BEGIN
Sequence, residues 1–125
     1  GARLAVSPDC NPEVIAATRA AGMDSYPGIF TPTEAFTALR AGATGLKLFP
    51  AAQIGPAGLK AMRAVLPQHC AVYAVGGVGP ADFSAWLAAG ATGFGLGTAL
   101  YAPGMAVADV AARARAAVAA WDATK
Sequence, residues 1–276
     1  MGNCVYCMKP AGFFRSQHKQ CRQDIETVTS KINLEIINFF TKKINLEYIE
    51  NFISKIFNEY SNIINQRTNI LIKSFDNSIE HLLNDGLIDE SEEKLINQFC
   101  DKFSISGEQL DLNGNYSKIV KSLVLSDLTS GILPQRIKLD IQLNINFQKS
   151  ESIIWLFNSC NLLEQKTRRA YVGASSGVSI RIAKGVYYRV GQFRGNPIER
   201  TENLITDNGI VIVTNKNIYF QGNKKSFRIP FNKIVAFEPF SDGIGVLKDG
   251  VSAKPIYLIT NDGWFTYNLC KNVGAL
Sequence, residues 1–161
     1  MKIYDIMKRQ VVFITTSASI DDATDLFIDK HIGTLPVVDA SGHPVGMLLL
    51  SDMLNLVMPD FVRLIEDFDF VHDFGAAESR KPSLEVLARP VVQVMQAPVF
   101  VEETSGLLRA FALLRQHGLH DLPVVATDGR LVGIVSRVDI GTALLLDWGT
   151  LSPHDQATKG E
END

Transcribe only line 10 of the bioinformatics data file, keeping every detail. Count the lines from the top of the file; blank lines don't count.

   201  TENLITDNGI VIVTNKNIYF QGNKKSFRIP FNKIVAFEPF SDGIGVLKDG